It’s also important to measure not just what is easy to measure, but what matters most. Suppose, on that blackboard, my grandfather had tallied attendance? Or who arrived earliest? Or stayed the latest? Performance in those areas would have improved. And it might well have helped the foundry, but only indirectly. Something similar happens in baseball. Statistics tempt athletes to focus on their individual batting averages, or runs batted in. But over the past half-century, managers have started refining those measures…what happens to a player’s batting average when men are on base? How about RBI’s when the game is still in doubt? And what really counts is not the number of runs but the “W.” That’s the bottom line for the team.
When we apply this test to hazards and the above examples we see some work still remains. It’s important for communities to be ready to react to oncoming storms. But maybe we should be engineering our homes and towns so there’s less need for evacuation or taking special shelter. The Fortified program addresses this to some extent, but doesn’t address the community-wide performance of critical infrastructure, and the extent of business disruption. How should we capture these dimensions in our scorecard? Consider the drought and heat wave of 1980. Water levels were so low in the Mississippi River basin that barges couldn’t ply their trade. The result was a spike in the cost of getting coal to utilities all through the Midwest. Farmers and ranchers in the southern tier of states lost something like twenty billion dollars of livestock and poultry. But as one economist told me at the time, this didn’t show up in national GDP figures, because farmers in the northern tier of states received higher prices for their cattle and chickens that year. So, in terms of the national accounts, there was little or no net loss to the economy. !!! But there was a $20B transfer payment from the southern states to the northern states. And GDP was an inadequate measure of the turmoil and disruption for many Americans that year. [Something similar happens in flooding, or windstorm damages. The property loss may be compensated in part by a construction boom.]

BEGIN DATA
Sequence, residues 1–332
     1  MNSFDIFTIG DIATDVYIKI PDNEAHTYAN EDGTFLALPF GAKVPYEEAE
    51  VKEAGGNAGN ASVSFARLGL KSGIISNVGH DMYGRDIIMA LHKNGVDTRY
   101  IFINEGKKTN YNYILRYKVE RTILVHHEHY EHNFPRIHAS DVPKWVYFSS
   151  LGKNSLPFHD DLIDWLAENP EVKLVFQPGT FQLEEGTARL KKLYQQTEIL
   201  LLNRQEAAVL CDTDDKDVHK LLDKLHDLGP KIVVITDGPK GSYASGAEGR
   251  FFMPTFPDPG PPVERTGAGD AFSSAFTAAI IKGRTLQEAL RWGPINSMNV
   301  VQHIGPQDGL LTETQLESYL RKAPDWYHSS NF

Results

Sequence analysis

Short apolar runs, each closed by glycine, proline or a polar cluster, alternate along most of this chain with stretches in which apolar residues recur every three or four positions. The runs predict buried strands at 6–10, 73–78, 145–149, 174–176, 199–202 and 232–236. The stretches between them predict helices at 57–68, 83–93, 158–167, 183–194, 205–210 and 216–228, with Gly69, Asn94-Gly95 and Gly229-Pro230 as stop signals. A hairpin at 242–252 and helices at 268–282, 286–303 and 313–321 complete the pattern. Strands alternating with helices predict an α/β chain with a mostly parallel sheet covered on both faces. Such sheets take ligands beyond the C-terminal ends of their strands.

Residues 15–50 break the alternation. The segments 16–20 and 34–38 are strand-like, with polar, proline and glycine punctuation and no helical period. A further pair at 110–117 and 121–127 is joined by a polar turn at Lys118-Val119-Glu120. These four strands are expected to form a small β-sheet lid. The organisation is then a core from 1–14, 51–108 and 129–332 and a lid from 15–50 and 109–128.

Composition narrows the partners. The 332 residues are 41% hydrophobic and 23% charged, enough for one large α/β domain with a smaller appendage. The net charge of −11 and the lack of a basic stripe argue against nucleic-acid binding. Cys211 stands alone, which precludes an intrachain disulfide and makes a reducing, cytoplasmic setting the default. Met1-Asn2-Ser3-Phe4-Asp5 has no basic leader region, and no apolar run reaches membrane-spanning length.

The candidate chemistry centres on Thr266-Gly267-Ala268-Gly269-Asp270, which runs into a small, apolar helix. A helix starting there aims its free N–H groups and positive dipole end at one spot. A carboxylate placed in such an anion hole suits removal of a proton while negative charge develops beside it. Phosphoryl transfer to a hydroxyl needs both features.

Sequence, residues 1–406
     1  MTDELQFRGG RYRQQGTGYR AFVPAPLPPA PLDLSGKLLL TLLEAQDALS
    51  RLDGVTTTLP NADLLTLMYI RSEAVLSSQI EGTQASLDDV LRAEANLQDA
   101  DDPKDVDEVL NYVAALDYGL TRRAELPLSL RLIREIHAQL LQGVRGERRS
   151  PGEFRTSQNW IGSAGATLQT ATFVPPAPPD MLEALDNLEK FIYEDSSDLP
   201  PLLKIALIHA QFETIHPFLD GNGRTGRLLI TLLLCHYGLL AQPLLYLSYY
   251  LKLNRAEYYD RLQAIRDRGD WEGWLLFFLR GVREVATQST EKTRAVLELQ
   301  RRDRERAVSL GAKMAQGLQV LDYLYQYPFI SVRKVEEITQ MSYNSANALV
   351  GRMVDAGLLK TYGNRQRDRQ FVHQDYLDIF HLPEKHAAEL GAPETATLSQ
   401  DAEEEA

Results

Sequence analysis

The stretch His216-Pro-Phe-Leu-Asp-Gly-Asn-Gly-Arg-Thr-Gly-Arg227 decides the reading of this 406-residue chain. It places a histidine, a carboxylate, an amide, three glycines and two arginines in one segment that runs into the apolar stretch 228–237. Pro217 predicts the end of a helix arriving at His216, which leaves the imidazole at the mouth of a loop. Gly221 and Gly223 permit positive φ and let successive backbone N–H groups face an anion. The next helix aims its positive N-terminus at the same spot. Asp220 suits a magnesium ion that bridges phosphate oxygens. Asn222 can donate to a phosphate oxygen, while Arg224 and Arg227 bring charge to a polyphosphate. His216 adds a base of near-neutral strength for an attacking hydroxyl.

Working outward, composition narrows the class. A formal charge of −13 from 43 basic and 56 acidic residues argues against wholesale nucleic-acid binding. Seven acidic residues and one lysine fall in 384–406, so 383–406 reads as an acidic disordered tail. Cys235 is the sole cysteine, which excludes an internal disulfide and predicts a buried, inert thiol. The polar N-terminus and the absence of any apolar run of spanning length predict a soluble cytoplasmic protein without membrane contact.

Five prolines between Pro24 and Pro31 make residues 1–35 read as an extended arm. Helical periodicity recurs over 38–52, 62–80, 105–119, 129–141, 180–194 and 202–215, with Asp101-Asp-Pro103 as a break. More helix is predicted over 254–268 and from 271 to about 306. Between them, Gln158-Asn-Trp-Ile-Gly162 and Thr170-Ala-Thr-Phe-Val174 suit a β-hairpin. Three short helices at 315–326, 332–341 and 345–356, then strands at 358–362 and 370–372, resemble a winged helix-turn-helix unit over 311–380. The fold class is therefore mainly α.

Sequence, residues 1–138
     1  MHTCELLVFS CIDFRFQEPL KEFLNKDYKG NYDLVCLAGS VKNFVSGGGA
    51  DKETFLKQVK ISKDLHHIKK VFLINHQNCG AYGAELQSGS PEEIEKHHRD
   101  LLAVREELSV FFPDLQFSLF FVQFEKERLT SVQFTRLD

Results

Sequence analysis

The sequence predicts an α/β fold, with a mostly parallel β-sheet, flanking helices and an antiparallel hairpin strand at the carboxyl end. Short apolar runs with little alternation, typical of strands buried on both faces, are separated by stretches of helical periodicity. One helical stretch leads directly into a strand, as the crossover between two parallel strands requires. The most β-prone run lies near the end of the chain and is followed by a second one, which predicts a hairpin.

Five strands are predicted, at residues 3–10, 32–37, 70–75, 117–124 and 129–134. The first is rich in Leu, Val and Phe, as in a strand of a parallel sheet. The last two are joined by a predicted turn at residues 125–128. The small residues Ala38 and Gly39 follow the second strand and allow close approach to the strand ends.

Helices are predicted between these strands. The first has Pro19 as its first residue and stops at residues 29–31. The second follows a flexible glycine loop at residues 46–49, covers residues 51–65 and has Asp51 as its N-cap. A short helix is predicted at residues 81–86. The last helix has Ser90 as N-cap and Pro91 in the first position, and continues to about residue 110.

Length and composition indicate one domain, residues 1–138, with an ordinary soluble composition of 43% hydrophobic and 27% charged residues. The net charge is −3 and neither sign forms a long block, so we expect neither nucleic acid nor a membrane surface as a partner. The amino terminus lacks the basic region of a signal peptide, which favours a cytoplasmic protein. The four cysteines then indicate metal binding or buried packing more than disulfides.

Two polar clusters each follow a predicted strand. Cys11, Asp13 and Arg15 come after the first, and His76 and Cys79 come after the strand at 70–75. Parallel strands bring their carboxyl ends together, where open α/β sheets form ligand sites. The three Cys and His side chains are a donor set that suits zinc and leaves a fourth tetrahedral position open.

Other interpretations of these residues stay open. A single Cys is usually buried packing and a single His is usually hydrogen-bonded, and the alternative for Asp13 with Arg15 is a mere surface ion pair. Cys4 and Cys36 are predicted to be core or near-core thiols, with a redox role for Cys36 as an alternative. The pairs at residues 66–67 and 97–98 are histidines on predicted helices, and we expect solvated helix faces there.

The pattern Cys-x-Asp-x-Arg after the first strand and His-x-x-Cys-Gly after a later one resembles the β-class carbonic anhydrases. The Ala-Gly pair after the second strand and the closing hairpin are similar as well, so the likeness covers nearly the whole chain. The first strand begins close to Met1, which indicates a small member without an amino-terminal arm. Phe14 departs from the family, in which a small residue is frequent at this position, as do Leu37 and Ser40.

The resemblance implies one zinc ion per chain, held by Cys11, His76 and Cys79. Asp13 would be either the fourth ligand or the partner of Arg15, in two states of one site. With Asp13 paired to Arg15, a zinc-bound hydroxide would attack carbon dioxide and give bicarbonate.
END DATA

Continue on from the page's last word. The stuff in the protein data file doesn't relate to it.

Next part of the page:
The last serious look at these questions – what to measure? How? Why? – may date back more than a decade. (Know of more recent comprehensive studies? Please let me know!) In the late 1990’s, under the auspices of the National Academies of Science National Research Council (NAS/NRC), Robert E. Litan of the Brookings Institution led a Committee on Assessing the Costs of Natural Disasters. They wrote a report: The Impacts of Natural Disasters: A Framework for Loss Estimation. The findings and recommendations included a look at the diverse kinds of direct loss that are incurred, a call for greater attention to indirect losses such as unemployment and business disruptions, encouragement for more uniform, standardized measurement of losses across different hazards, and much more. The Committee recommended that the Bureau of Economic Analysis of the U.S. Department of Commerce, working with other federal agencies such as FEMA, might take the lead in establishing the needed data base. They noted: “researchers and experts in disaster loss estimation could benefit from a standardized data base that would enable them to improve estimates of both the direct and indirect losses of disasters. These improvements in turn would assist policymakers in their efforts to devise policies to reduce the losses caused by future disasters.” [emphasis added]
So as we all return to work after Labor Day, let’s remember our forebears – those foundry men and others. And in every workplace, whether we’re building cars or reducing disaster losses, let’s keep an eye on the score.
one of a long line! Three generations of my family spent this past Sunday afternoon at a minor league game. Did my grandfather use this incident as a springboard to a distinguished business career? Did he go on to invent the science of quality control? No, he became a college French professor. But that’s another story…